Have you ever wondered why a pocket paperback should always fit the size of a pocket on your clothes? Behind that perfect fit is a story of history!
From 1943 to 1947, the US military sent 123 million copies of more than 1,000 titles to troops serving abroad. These books improved the lives of soldiers, providing them entertainment and comfort during times of war.
The paperback book developed in America
In America at the beginning of the 20th century, it would be difficult to profit from the sale of such cheap paperback books if it were not for the market model of distribution. Though certain brands publish, like Pocket Books has been successful in partnering with department stores, but private book sellers prefer prettier hardcover books and higher margins. However, the war brought a number of potential customers: the US military.
Historical researcher Molly Guptill Manning wrote in the book When Books Went to War (2014): Although the book was considered an important part of the morale of the soldiers, the Nazis’ use of burning, propaganda and content censorship during wartime resulted in “starvation. book.” In 1940, after it was reported that the new army camps had no reading books, the Director of the Army’s New Library Division, Raymond L. Trautman, has begun to change that.
With limited funds for war, Trautman decided to open a campaign called fundraising Glory books (Victory Book Campaign) all over America. There were a lot of hard and thick books brought, but this certainly could not be a gentle “companion” to a soldier. It was followed by a delay in the donation process that ended the campaign in 1943.
Trautman has found another direction by consulting with publishers, authors and designers to quickly and effectively increase the number of books to the military. 1943, together with graphic artist H. Stanley Thompson and publisher Malcolm JohnsonHe formally proposed his idea: Armed Service Edition (ASE).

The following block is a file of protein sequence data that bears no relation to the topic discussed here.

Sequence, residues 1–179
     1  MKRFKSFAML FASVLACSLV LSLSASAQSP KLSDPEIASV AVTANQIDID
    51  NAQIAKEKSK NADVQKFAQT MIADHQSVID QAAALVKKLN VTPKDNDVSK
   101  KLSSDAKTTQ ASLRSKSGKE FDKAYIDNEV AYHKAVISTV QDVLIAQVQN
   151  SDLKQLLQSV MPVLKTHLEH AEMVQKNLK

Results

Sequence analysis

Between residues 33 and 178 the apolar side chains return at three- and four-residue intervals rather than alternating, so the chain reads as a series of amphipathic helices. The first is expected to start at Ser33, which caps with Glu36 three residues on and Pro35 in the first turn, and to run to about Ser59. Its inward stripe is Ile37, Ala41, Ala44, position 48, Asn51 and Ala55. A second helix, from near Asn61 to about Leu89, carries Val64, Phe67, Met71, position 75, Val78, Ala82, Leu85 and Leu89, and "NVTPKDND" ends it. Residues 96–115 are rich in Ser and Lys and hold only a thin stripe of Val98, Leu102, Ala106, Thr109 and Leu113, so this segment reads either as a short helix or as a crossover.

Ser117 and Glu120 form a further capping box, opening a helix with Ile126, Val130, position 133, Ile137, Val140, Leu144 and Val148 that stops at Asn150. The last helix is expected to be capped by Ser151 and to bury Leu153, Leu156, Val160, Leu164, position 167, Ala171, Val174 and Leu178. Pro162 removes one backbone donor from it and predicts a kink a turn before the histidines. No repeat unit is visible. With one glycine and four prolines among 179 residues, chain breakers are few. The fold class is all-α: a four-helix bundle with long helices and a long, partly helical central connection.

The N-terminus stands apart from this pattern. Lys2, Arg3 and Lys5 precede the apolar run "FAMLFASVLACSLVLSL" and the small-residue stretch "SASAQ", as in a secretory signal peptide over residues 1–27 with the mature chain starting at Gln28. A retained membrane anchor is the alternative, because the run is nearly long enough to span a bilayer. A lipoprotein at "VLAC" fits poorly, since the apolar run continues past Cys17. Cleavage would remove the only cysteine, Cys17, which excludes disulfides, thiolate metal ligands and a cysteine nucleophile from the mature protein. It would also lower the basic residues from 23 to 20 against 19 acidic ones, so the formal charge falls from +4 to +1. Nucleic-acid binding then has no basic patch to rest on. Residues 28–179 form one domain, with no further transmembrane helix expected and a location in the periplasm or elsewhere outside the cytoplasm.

These will be mass-produced paperback books and regularly sent abroad. Soldiers will read famous works that many people rarely touch – from classics, bestsellers to Western books, comedies and poems – each specially selected by one. Volunteer committee on literary works.
The standards for these books were to be flat, wide, and easy to pocket. Due to different printer sizes, two types came into play: a smaller one, the size and shape of a postcard, that could fit in a bra pocket, and a larger one to fit in a pocket. Both types are oriented horizontally, like a flipbook. The size of this book did not hold the soldiers any longer.
Immediately, the soldiers became loyal readers. Some have admitted that they do not skip any ASE books upon receipt. Not only the soldiers, but also the authors of the books suddenly received unexpected attention. For example writers Betty Smith with the work A Tree Grows in Brooklyn (1943) received ten times as much letter from the reader as a soldier after the work was released as ASE.
On the other hand, classics The Great Gatsby (1925) of F. Scott Fitzgerald gained fame after the launch of the ASE version. Before that, this work had a rather modest reputation when it was first released.
During a Library of Congress event in 1983, veteran Arnold Gates recalled he stuffed the book Storm Over the Land (1942) of Carl Sandburg, get into your cap before marching to the frontlines. “During the lull in battle, I will read what he wrote about another war and find a lot of peaceful consolation,” he shares.
By 1949, paperback books had become part of the habit of readers. Statistics show that paperback buyers increased by 10% compared to hardcover books. In the postwar era, paperback books truly transformed the publishing industry, from cheap, shabby paperback to a symbol of democracy and practicality across America.
Editor: Navi Nguyen
Source: Atlas Obscura
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